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When I was at University one of the core modules for my area of study Housing Management and development was DOMESTIC VIOLENCE AND THE LAW. Domestic violence was considered in the context of property rights but for the purpose of this article I would like to look at the impact of domestic abuse on the economy.

A tall order perhaps but bear with me whilst I illustrate my point.

The fact about domestic abuse is that it ebbs away at the confidence and self esteem of the person at the receiving end of it. It makes them question their self worth making ineffective in all areas of their lives.

Imagine if you will a woman who is responsible for ensuring that the family is fed, clothed and has to work the land to grow the food to feed the family but is beaten by her spouse on a daily basis!

In some cases she is indeed the sole bread-winner in the family as the man’s income is spent on alcohol! What sort of life would children growing up in such a household have to look forward too!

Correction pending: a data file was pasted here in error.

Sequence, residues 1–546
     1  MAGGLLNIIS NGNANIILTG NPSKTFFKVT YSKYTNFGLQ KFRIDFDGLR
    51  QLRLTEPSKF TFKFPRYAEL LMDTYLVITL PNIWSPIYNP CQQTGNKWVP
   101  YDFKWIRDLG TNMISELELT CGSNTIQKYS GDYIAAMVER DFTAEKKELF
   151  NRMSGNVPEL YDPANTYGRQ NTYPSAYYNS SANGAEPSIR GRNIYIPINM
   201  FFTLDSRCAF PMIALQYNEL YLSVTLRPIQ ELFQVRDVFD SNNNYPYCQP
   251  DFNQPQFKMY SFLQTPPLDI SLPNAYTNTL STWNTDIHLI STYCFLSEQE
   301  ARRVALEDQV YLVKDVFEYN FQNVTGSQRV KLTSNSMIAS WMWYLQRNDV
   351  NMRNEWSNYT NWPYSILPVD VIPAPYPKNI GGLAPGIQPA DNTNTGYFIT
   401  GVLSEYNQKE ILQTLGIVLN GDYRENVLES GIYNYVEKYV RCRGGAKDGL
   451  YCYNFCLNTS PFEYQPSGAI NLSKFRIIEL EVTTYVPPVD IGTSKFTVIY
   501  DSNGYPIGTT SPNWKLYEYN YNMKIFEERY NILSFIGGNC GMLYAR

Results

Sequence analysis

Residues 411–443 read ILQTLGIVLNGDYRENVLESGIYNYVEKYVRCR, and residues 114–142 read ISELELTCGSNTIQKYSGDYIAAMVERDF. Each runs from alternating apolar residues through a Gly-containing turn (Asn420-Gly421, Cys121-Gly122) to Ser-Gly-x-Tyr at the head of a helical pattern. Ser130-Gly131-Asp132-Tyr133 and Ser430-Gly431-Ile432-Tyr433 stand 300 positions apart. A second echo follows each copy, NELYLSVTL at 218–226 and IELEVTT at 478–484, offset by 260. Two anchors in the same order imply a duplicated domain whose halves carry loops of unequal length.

It is widely accepted well as least in the case of African countries that the economic development of these countries rests with women. That being the case what would happen if women are ordinarily unable to participate in economic generating activities due to domestic abuse?

Does society owe such women the duty of care to secure the economic development of a county? What form should that care take?

I am happy to note that in Nigeria steps are being taken to address the issue of domestic abuse. The idea is to provide some for of safe house for women and children fleeing domestic abuse. You can read the rest of the story here
http://www.ngrguardiannews.com/editorial_opinion/article01/indexn2_html?pdate=111009&ptitle=Transit%20Home%20For%20Female%20Victims%20Of%20Domestic%20Violence

The question is most African countries are so conservative, how will such a facility go down in society? Will women have the courage to seek support and refuge in such a facility?